Having elementary, middle and high school teachers as a part of the institute reflects the guiding pedagogical belief that teaching difficult subjects effectively requires scaffolding, or introducing difficult subjects to students early in their educational journey and complicating their understanding of these subjects as they mature. Having teachers who specialize in a range of arts and humanities subjects also reflects a fundamental pedagogical belief that difficult subjects are best learned across the curriculum, rather than in isolated subject areas.

The institute will also work intentionally to foster community among the teacher participants. The goal is to enhance the learning experience of the teacher participants by cultivating group centered relationships over the course of the year through multiple meetings, starting with online webinars; continuing with an experiential-learning field trip to the National Underground Railroad and Freedom Center in Cincinnati, Ohio; and culminating with a 3-day, on-campus, curriculum development workshop. 


If teachers in your district are interested in participating in this institute, please have your district administrator reach out to Director Hasan Kwame Jeffries (jeffries.57@osu.edu). 


 Teacher participants will receive a $1,500 stipend for successfully completing the institute. A disbursement of $500 will be made in autumn, and a disbursement of $1,000 will be made in summer. They may also be eligible for Continuing Education Units. 


Contact institute leader Hasan Kwame Jeffries (jeffries.57@osu.edu)

Hasan Kwame Jeffries portrait

 Jeffries is an associate professor of African American history in the Department of History at The Ohio State University where he teaches courses on African American history.

He was born in Brooklyn, New York, and graduated summa cum laude from Morehouse College with a BA in history in 1994. At Morehouse, he was inducted into Phi Beta Kappa Honor Society and was initiated into the Pi Chapter of Kappa Alpha Psi Fraternity, Inc.  He earned his PhD in American history with a specialization in African American history from Duke University in 2002. He taught for a year at the University of Alabama in Tuscaloosa, before joining the faculty at The Ohio State University in 2003.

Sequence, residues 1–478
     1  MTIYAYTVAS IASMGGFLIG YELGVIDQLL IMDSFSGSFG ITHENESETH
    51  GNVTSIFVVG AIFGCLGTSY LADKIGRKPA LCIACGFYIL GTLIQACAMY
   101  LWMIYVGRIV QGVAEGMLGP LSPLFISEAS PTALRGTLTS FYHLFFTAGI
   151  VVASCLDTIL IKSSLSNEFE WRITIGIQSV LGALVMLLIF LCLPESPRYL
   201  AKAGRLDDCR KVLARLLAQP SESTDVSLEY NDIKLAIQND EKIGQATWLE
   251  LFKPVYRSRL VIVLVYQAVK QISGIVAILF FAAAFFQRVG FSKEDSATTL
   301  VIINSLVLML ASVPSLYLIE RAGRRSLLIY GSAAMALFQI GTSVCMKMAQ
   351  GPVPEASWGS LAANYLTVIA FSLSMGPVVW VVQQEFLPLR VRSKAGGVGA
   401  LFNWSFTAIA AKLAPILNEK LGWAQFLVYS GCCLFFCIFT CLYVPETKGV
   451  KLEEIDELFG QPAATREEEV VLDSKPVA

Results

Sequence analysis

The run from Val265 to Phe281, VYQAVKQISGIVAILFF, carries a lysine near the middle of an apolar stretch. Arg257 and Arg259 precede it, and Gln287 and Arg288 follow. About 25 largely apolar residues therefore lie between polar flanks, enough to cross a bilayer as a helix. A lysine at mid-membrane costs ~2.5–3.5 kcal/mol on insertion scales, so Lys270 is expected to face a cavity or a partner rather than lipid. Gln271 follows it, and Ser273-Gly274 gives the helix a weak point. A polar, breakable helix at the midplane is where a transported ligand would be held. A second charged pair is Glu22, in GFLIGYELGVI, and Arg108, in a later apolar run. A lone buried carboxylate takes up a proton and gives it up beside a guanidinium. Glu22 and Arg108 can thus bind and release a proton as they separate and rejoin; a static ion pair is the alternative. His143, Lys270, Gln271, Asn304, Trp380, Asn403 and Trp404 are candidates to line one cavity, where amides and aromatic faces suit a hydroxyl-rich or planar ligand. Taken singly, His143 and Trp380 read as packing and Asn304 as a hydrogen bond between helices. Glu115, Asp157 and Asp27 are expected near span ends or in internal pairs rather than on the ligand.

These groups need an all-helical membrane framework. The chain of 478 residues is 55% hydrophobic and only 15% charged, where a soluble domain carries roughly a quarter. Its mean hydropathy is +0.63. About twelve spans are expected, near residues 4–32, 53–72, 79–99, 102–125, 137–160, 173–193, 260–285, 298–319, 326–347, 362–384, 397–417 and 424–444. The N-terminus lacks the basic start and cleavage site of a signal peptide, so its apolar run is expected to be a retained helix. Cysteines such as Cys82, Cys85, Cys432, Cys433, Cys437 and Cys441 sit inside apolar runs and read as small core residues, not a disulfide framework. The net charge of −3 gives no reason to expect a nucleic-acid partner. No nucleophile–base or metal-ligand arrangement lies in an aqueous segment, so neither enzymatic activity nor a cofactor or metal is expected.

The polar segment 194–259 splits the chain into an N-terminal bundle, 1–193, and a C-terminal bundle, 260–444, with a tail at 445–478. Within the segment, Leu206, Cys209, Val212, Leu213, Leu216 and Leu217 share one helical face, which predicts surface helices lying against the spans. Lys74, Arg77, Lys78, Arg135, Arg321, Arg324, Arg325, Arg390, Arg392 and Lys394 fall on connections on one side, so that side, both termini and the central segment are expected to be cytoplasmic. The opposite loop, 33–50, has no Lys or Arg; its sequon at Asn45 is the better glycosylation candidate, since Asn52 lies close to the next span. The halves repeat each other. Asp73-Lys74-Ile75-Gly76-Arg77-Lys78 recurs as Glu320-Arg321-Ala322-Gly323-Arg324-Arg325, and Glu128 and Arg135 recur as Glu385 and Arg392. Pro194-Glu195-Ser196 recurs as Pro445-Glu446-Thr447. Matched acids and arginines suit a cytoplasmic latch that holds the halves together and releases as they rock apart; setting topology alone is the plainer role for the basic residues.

Jeffries is the author of Bloody Lowndes: Civil Rights and Black Power in Alabama’s Black Belt, which tells the remarkable story of the African American freedom struggle in Lowndes County, Alabama. Bloody Lowndes won the Alabama Historical Association’s 2010 Clinton Jackson Coley Award for the best book on local Alabama history.

From 2010 to 2014, he served as the lead historian and primary scriptwriter for the $27 million renovation of the National Civil Rights Museum at the Lorraine Hotel in Memphis, Tennessee. In this capacity, he helped generate and implement design concepts and write the text for all exhibit areas.

Jeffries work on the NCRM renovation project deepened his commitment to public history, leading him to promote the understanding and appreciation of African American history and culture in new and exciting ways in order to reach as wide an audience as possible. Building on his work with the museum, he has conducted teacher development workshops across the country. To reach an even wider audience of teachers, he edited Understanding and Teaching the Civil Rights Movement, a collection of original essays on civil rights history and pedagogy written by nearly two-dozen civil rights scholars and master teachers. In addition, he has worked closely with the Southern Poverty Law Center’s Teaching Tolerance division to produce a major national report entitled Teaching Hard History: American Slavery. He also hosts the companion podcast of the same name.

To reach the broader public, Jeffries has lectured extensively on the Black experience at a wide range of colleges and universities, has made scores of media appearances locally and nationally and has served as a featured historian on the Emmy nominated, four-hour documentary Black America Since MLK: And Still I Rise.